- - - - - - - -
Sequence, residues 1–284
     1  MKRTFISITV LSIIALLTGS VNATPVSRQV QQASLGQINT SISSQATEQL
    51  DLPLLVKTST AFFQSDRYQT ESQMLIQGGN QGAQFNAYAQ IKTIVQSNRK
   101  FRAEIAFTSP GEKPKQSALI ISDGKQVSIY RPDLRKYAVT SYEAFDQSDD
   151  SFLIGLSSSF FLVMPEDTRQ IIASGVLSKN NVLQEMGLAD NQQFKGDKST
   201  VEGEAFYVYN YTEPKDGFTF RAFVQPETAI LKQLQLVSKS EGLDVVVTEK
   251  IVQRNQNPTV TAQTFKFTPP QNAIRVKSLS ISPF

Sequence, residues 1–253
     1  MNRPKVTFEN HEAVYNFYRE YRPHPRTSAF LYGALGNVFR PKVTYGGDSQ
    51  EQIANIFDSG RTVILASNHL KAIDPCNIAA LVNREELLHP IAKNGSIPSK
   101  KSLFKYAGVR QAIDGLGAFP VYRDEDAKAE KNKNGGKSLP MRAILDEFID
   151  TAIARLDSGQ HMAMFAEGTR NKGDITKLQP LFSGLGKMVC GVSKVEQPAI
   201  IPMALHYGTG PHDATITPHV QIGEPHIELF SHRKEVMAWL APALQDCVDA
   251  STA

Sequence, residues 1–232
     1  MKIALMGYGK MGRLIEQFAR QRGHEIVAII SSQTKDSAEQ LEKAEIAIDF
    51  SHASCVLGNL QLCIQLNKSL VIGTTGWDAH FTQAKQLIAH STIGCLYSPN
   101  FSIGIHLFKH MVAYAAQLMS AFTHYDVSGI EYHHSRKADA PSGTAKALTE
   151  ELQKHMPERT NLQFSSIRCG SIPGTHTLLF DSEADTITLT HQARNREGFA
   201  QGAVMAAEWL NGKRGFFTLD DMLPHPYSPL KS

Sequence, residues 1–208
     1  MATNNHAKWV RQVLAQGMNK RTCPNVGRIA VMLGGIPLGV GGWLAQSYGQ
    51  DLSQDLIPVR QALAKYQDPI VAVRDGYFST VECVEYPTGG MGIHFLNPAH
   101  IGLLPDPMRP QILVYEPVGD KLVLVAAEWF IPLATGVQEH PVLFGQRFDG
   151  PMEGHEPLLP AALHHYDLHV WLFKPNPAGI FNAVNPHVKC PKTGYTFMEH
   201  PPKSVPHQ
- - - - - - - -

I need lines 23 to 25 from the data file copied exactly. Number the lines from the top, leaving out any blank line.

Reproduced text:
    51  DLSQDLIPVR QALAKYQDPI VAVRDGYFST VECVEYPTGG MGIHFLNPAH
   101  IGLLPDPMRP QILVYEPVGD KLVLVAAEWF IPLATGVQEH PVLFGQRFDG
   151  PMEGHEPLLP AALHHYDLHV WLFKPNPAGI FNAVNPHVKC PKTGYTFMEH